So why is "data" still allowed vectors to break out of the application?
Is it so a new macro system can be introduced in one version and a disable button introduced in the next as a "latest and greatest new feature"?
Where did the fairly recent penchant for using "x times smaller than y" come from? Are one tenth, one quarter or one thirty second the size of ... seen as old and imperial whereas "32 times smaller than a gnat's appendage" is a more prose worthy modern version?
Anyway, my clock's minute hand has described an arc four times smaller than an hour so I must go ...
Rudimentary facial recording in public places by law enforcement agencies is a Police State activity and should be outlawed. Similarly, comparison of routine footage against, for instance, a national identity card database *for any reason* would be right out and in the same way a national DNA database should not be interrogatable in a routine way.
On the other hand, if a crime has been committed, footage (or DNA) was available, the validity of the claim checked and a warrant issued by a Judge then that could be a legitimate use of search powers. The level at which such a warrant could be issued would be up to the lawmakers - dna taken from a dropped crisp packet to substantiate the crime of "dropping litter" may not justify a warrant however blood in a murder may do so. On the other hand is that opening the door to acceptance ...?
What does it say about modern life when you can't read the BBC News from this morning but can still read documents created 1000 years ago ...
For my next trick I'll attempt to read a copy of the Doomsday project on laserdisc and then check out a couple of pages of the original Doomsday Book ... Which will be more successful?
One of the issues with sails and vertical rotors has been cited as the potential to capsize in strong winds. Given that sideload is directly related to both drag and power being extracted from the wind, one could question the overall efficiency of these Magnus-based systems. I would like to see modern (probably solid) sail versus vertical rotor versus Magnus system direct energy comparisons with similar sideloads ... most I see are "here is our boat with our system fitted which does xyz knots" examples, no like for like comparisons.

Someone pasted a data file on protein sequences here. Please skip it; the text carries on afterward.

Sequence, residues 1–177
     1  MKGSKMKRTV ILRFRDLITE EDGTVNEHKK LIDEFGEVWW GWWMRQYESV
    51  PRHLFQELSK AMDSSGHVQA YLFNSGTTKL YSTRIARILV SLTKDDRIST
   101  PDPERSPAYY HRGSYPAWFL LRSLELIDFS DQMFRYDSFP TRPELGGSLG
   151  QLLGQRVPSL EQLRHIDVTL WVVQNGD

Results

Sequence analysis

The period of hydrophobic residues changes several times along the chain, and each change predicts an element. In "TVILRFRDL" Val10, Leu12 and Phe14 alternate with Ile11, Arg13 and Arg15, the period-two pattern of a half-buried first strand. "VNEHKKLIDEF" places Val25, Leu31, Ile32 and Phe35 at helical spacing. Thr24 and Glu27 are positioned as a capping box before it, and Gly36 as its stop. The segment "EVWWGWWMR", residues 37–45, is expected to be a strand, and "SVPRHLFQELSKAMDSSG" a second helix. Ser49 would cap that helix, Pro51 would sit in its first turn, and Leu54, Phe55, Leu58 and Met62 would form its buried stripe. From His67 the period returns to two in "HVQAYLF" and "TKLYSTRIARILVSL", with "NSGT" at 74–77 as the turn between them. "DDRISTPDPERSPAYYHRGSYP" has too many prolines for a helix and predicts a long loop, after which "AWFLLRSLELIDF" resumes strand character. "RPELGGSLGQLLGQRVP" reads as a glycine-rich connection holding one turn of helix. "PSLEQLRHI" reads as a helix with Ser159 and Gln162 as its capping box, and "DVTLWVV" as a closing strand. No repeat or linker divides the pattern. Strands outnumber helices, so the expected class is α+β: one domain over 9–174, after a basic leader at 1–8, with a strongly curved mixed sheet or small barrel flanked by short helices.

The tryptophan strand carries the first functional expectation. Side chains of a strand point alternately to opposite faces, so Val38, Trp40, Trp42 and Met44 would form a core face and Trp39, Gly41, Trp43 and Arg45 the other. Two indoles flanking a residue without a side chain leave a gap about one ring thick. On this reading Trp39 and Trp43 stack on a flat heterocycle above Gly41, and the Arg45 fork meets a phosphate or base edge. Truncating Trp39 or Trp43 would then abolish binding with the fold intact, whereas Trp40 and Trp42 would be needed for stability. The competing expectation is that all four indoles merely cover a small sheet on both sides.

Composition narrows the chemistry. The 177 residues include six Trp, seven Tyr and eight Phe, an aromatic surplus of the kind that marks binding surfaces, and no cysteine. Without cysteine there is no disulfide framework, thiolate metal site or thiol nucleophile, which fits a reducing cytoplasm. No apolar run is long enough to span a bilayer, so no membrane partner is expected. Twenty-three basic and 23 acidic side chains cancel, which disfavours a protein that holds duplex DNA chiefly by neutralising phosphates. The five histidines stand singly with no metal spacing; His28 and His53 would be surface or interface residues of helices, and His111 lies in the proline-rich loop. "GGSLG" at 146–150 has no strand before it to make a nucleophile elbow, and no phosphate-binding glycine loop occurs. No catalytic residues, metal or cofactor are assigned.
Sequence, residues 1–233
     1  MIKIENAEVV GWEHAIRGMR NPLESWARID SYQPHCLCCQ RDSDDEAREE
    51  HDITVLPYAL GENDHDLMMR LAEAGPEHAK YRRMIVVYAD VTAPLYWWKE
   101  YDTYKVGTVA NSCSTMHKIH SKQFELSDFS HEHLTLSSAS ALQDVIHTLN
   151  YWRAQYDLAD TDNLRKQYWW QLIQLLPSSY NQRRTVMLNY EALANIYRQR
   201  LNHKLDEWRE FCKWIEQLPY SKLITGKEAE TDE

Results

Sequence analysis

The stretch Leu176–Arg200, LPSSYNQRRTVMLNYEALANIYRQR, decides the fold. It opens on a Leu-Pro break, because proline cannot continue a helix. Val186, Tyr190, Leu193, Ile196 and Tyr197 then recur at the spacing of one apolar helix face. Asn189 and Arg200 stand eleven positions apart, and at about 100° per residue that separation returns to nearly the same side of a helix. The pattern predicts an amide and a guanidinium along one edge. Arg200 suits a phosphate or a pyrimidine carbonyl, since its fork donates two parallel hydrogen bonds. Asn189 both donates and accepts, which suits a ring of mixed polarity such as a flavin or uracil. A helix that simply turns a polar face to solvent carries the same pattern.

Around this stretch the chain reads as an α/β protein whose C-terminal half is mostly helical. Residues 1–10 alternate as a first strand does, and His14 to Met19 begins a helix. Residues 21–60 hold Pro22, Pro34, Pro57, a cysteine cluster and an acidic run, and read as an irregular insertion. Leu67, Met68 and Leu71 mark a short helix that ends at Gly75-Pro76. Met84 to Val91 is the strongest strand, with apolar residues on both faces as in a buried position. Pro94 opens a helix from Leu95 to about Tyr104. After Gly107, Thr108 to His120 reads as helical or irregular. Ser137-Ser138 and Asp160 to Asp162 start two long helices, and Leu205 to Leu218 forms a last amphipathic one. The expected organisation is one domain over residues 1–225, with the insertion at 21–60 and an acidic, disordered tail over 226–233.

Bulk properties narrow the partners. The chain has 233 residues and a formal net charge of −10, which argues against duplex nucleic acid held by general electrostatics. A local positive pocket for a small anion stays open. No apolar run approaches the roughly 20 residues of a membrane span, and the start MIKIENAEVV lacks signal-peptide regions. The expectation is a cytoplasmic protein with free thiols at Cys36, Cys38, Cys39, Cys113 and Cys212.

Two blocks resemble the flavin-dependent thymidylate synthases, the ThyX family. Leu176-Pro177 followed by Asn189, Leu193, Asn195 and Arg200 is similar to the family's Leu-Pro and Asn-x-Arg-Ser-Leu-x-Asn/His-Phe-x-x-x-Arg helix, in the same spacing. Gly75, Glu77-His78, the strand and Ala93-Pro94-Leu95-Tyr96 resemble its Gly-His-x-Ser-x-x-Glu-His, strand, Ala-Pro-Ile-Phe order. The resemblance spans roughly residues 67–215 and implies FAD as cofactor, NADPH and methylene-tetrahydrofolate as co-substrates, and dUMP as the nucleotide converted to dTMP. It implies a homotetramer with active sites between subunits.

There were three things against wind powered "square riggers" - lack of wind, being unable to sail close to the wind and the requirement for lots of sailors to "splice the main brace, oh arr!". The first makes engines a commercial necessity. The second is much better now due to sail design. The third could probably be fully automated with solid sail structures and a "talk like a pirate" app. All I need now is a couple of transport vessels and wads of cash to build a prototype.
Given the similarity in base code between Win 11 and Win 10, basic updates of Win 10 should not cost MS much.
What I haven't got the answer to is how security updates differ between the two systems and how it would impact update costs. Potentially it would - or should - be a completely dissimilar code base due to the "much higher security" environment of win 11 ... unless that's a complete red herring that's only an issue in specific circumstances.
Either way, MS have a difficult case to argue but they have done so quite happily up to now ...
Helen Sharman did only a few days in space but I'm not sure I would even consider such condescending words about Tim Peake when he spent 185 days in space including spacewalks, which by my calculation is almost exactly 185 days (give or take some jumping up and down and roller-coaster rides) more weightlessness than the vast majority of humans could ever hope to experience ...